The hidden cost of poor deliveries over $8,000 per lost customer, reveals ParcelHero

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International courier reveals the true price retailers pay for cheap service

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In 2011 86% of consumers quit doing business with a company because of a bad customer experience

Online parcel delivery company ParcelHero says that failed and poor quality deliveries could cost internet retailers at least $8,064 (£5,300) for every customer that defects to another site. The company is calling on retailers to act now to improve delivery standards, or face paying a very heavy price.

ParcelHero's Head of Public Relations, David Jinks MILT, says: 'Failed and delayed deliveries cost the UK economy over $1 billion (£771 million) and retailers over $718 million (£473 million) directly in 2014. But that’s just the tip of the iceberg. What is less appreciated is how much those failed deliveries will cost retailers in lost future earnings. It is six to seven times more expensive to acquire a new customer than it is to keep a current one, yet in 2011 86% of all consumers quit doing business with a company because of a bad customer experience and 59% of online shoppers said they were less likely to order from a retailer again if they have a bad delivery experience.’

Online customers are increasingly savvy about delivery issues. Not only are they very likely to switch to another online retailer following a bad delivery experience, but they increasingly examine not only delivery options, but which delivery companies a retailer uses. Over 1 million people view tweets about customer service every week. Roughly 80% of those tweets are negative or critical in nature. And that means consumers are becoming very aware of the reputations of some delivery companies.

Says David: ‘Let’s assume for a moment that customers do overlook the fact a retailer is using a budget carrier, which could have cost retailers the sale before the consumer even placed an item in the basket. The true cost for retailers of using very cheap delivery services is still potentially enormous. The average UK internet order is $89 (£59) per transaction. If an online store loses a customer because of an inept or late delivery, it hasn’t just lost that $89, or even their next $89. In the UK customers make an average of 18 online purchases a year and spend around $1,137 (£749) online, while American shoppers are expected to spend $1,680 online.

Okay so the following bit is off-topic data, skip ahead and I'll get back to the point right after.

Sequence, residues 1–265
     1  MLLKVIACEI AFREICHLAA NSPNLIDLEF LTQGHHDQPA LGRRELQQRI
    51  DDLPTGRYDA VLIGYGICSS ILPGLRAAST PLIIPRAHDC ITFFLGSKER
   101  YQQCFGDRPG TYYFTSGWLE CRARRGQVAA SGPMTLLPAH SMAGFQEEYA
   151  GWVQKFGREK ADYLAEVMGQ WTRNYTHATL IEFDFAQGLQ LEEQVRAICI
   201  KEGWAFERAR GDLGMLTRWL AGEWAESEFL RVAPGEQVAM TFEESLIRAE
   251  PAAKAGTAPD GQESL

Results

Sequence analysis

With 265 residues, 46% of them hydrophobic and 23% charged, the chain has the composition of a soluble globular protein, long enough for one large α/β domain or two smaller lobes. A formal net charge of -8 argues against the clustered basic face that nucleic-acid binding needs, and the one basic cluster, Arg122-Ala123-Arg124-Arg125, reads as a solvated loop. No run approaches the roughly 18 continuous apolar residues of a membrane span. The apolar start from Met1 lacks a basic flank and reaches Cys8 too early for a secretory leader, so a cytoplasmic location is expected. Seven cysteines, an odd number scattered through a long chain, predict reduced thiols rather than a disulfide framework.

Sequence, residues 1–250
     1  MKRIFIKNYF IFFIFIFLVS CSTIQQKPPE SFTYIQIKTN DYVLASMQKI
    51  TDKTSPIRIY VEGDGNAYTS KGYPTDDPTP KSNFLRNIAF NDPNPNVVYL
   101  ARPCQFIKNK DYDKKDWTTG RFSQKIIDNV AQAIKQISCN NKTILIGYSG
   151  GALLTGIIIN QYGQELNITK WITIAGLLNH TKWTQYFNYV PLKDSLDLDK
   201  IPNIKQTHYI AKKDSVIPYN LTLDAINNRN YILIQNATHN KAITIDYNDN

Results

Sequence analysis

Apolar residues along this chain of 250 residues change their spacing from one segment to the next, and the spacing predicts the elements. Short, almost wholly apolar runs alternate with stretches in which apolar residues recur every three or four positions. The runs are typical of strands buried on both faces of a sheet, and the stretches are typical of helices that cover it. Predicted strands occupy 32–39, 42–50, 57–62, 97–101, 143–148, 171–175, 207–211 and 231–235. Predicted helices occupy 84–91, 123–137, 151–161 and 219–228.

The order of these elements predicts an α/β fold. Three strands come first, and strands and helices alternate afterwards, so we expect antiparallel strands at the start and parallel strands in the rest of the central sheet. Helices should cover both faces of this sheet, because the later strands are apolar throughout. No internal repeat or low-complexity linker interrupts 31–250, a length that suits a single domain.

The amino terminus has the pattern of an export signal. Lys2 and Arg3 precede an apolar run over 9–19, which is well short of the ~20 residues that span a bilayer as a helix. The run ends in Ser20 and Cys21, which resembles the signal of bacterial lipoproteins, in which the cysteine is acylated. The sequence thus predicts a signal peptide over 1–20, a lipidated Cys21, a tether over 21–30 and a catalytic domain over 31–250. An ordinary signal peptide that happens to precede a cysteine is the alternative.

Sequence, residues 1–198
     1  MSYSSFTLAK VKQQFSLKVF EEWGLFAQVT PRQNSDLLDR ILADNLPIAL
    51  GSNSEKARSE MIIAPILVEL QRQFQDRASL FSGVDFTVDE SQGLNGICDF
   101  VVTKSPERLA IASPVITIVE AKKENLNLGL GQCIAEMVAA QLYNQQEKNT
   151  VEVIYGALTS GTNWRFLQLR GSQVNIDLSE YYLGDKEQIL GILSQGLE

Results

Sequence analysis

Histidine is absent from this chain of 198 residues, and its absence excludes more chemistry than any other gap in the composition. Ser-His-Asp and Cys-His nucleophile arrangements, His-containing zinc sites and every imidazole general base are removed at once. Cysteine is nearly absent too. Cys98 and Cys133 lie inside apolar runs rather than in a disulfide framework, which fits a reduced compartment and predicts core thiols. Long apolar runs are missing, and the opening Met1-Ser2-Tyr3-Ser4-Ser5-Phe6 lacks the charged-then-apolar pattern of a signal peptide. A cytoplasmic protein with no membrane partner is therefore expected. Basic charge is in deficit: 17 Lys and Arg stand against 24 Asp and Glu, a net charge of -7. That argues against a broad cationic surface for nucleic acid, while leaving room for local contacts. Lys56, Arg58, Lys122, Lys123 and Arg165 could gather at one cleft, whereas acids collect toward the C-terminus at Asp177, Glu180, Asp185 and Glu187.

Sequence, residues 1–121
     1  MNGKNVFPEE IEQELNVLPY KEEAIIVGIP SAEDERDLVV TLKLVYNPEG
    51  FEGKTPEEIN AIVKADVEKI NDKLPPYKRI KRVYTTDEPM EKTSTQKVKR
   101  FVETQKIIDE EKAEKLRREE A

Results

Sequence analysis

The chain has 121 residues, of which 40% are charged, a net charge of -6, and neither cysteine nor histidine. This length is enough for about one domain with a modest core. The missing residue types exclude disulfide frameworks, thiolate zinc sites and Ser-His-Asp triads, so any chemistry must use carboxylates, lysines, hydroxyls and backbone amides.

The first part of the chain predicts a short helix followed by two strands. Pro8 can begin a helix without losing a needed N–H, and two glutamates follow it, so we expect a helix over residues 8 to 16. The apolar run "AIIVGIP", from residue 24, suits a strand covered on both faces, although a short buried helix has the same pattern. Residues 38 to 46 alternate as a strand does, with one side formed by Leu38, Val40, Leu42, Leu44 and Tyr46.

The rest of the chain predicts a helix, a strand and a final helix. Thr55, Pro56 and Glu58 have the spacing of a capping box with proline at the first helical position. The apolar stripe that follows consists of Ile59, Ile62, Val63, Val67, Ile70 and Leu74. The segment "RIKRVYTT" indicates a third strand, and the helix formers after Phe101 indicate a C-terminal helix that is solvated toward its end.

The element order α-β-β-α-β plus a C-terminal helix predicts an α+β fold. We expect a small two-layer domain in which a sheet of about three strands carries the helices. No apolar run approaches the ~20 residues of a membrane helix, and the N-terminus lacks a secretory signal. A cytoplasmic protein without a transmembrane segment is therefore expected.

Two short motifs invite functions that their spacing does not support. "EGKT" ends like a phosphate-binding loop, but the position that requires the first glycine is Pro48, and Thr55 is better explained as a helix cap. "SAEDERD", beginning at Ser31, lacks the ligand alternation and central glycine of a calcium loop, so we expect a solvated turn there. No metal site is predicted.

David continues: ‘Let's say that the lost customer might have made an average of six purchases from a particular online store this year, that’s actually $537 the retailer has lost from that one shopper in a single year. How many years might they have remained a loyal online customer? If we assume they remain loyal for at least five years (and some Amazon customers have stayed loyal for 20!) then that’s $2,688 lost. But the real kicker is that customers tell on average at least ten other people about a bad delivery experience. If only two of those would have been future customers for a particular site we can times that $2,688 by two more lost customers. That’s $5,376 in sales a site might have lost without ever having had a chance. Add that initial lost customer and overall that one bad delivery could have cost the retailer $8,064.’

And those figures are just for average size internet retailers. ParcelHero research suggests that poor customer experience could result in a swing of $184 million for a large Internet retailer.

Professor Richard Wilding OBE of Cranfield University, an expert in e-commerce logistics, has shared his views on how internet deliveries can be an active selling point for retailers with ParcelHero recently. He says: ‘Your main point of contact is with the retailer, and they're handing over responsibility for the delivery to another organisation. You've got to make sure they do it well. If they do, it will build loyalty and generate more business. But if you do it badly and use poor couriers it will cost your business an awful lot and customers won't come back.’

ParcelHero's David Jinks concludes: ‘Can retailers really afford to be losing this kind of custom for the sake of a few extra percent on their delivery costs? Our reasearch suggests 7 out of 10 consumers are happy to spend a little extra for a good customer experience and delivery, so cheap deliveries are an entirely false economy. Retailers should think long and hard about retaining delivery companies whose names shout trouble’.

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